For the DNA extraction, 0.5 g of fresh soil was used with the Fast DNA SPIN Kit (MP Biomedicals, Santa Ana, CA, USA). The nifH genes were amplified using primer pairs nifH-F/nifH-R (5′-AAAGGYGGWATCGGYAARTCCACCAC-3′)/(5′-TTGTTSGCSGCRTACATSGCCATCAT-3′) [32]. PCR reactions were performed in a 20 μL reaction containing 4 μL of 5 × FastPfu buffer, 2 μL of 2.5 mM dNTPs, 0.8 μL of 5 μM forward primer, 0.8 μL of 5 μM reverse primer, 0.4 μL of fastPfu Polymerase, 10 ng of template DNA, and double distilled water (ddH2O). Amplification was performed at 95 °C for 3 min, with 35 cycles of 95 °C for 30 s, 55 °C for 30 s, and 72 °C for 45 s, and extension at 72 °C for 10 min. PCR amplicons were purified by Agarose Gel DNA purification kit (TaKaRa Bio), and triplicate PCR amplifications for each sample were conducted and pooled as a PCR product and then sequenced on the platform of Illumina MiSeq PE300 (Majorbio Company in Shanghai, China). After sequencing, the nifH nucleotide sequences were analyzed using the QIIME-1.9.1 pipeline (http://qiime.sourceforge.net/) [33]. Firstly, the low-quality sequences (those with a quality score < 20, containing ambiguous nucleotides, or not matching the primer and barcode) were removed and the remaining sequences were further converted to amino acid sequences using the FunGene Pipeline of the Ribosomal Database Project [34]. The sequences encoding proteins that did not match the nifH protein sequence or that contained termination codons were discarded. The remaining sequences were aligned against the nifH gene database [35], removing both the failed and chimeric sequences. The remaining high-quality sequences were clustered into operational taxonomic units (OTUs) at 95% similarity with UCLUST [36] running in de novo mode, and all singleton OTUs were deleted.

Co-occurrence network analysis

We constructed a co-occurrence network with all the samples (rhizosphere and bulk soil) and identified the main ecological clusters of strongly associated OTUs. The top OTUs, accounting for more than 80% of the relative abundance in the total community, were chosen [37]. All pair-wised Spearman correlations between OTUs were calculated, and the correlations with a Spearman’s coefficient of less than 0.65 and a P value of more than 0.01, were removed. This allowed us to focus only on the OTUs that strongly co-occurred and were more likely to interact with each other. The main modules (ecological clusters) in the network were visualized using Gephi (https://gephi.org/). The relative abundance of each ecological cluster was calculated by averaging the standardized relative abundances (z-score) of the species that belonged to it (Additional file 3: Appendix 3).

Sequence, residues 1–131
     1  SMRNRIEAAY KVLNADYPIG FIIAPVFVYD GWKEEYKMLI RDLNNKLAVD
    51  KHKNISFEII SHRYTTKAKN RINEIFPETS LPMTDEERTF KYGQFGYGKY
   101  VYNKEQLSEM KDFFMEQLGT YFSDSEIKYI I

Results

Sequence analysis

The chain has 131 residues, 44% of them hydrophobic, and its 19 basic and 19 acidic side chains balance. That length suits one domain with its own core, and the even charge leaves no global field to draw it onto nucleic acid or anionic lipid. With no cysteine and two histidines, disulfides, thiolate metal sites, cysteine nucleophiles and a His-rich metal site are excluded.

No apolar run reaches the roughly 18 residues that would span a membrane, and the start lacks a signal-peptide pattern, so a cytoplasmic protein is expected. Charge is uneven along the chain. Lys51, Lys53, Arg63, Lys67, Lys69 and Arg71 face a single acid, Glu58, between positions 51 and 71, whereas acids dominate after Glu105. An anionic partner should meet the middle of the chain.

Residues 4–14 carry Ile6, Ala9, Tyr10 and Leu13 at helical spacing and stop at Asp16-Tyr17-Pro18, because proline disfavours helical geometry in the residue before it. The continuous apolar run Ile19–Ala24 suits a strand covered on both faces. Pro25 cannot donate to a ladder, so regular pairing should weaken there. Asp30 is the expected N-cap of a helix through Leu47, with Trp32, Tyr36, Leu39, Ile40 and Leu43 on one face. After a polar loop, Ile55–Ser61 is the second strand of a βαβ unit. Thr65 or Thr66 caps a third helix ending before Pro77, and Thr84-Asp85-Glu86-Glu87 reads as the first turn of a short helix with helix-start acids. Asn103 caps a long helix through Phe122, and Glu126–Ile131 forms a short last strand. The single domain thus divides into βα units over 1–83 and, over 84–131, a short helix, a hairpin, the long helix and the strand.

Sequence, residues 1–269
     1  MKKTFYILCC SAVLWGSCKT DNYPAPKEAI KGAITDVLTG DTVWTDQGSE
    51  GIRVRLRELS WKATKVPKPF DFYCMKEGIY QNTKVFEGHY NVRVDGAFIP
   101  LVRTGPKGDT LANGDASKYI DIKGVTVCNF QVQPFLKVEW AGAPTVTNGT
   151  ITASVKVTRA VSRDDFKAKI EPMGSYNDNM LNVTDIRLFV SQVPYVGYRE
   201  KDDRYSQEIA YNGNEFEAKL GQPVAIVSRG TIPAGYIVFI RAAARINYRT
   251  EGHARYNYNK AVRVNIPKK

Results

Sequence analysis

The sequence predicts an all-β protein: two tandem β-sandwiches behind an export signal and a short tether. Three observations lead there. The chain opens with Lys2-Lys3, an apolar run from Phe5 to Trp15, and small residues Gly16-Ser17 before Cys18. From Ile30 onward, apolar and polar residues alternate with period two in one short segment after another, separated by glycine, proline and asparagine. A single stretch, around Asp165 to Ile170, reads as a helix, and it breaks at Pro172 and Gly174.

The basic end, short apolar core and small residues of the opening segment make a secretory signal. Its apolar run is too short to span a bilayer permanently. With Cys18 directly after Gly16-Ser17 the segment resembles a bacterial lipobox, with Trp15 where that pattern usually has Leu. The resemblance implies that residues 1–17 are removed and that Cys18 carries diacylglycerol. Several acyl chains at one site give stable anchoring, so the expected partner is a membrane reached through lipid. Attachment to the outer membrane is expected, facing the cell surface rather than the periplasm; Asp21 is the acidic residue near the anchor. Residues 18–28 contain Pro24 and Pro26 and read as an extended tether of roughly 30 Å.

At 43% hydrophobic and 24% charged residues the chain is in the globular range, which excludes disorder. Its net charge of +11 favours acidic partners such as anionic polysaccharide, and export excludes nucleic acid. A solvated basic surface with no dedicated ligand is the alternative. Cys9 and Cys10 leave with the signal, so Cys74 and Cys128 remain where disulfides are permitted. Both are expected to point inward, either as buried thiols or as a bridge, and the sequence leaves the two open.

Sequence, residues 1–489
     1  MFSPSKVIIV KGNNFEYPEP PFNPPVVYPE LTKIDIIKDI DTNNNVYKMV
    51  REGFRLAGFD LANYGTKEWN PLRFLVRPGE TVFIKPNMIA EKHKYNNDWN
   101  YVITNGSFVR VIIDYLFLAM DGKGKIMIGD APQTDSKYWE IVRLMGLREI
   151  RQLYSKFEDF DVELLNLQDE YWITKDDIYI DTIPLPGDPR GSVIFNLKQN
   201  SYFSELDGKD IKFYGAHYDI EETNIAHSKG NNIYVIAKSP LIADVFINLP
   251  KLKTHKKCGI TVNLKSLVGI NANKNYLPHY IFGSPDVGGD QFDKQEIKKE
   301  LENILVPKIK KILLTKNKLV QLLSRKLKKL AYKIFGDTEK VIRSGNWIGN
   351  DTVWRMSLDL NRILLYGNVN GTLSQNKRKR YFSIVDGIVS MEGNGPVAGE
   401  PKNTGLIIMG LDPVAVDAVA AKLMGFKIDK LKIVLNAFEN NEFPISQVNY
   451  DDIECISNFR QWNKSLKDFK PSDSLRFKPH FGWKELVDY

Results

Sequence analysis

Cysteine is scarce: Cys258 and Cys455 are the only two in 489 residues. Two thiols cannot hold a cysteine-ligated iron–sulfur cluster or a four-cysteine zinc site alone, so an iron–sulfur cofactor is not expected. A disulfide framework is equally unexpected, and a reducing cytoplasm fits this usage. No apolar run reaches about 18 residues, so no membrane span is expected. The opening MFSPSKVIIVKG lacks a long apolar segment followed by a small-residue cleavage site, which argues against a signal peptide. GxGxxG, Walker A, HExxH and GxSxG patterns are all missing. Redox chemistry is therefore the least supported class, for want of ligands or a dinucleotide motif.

Statistical analysis

ANOVA and pairwise t tests were used to compare the soil variables, dominant microbial taxa, and the microbial alpha diversity between different fertilization treatments (Additional file 3: Appendix 1). These tests were implemented using SPSS 21. Mantel test was used to analyze the correlations between the diazotrophic community and physicochemical properties (Additional file 3: Appendix 2). This was performed using the “vegan” package in R × 32 (3.2.2). A principal coordinate analysis (PCoA) was used to find significant differences in diazotrophic communities between sampling groups (Additional file 3: Appendix 2). The PCoA was carried out using the “labdsv” package R × 32 (3.2.2) (http://cran.stat.sfu.ca/).

Phylogenetic analyses

The nifH gene provides sufficient phylogenetic resolution [38] in ecological studies. The phylogenetic tree for the 481 dominant diazotrophic phylotypes in the ecological clusters was built using FastTree [39], and visualized using GraPhlAn [40]. Phylogenetic sampling theory can be analytically employed (assuming the random sampling from the phylogenetic tree as the predicted phylogenetic diversity in a local community and then comparing the observed phylogenetic diversity with those predictions) [20] to determine the degree to which diazotrophic community appear random (between − 2 and + 2), over-dispersed (above + 2), or clustered (below − 2). Phylogenetic sampling theory was performed using the R package “picante” [41]. An advantage of randomly sampling the regional phylogenetic tree is that it can be used to compare samples of unequal sizes based on the binomial sampling model [42]. The differences between observed and expected phylogenetic diversity were determined by calculating and comparing z-scores for each ecological cluster. When the observed phylogenetic diversity is less than the expected diversity (below − 2), the microbial community in the ecological cluster is considered to be phylogenetically clustered, which means that closely related taxa are more likely to be sampled [43] and actively selected by the environment [42].

Structural equation modeling analysis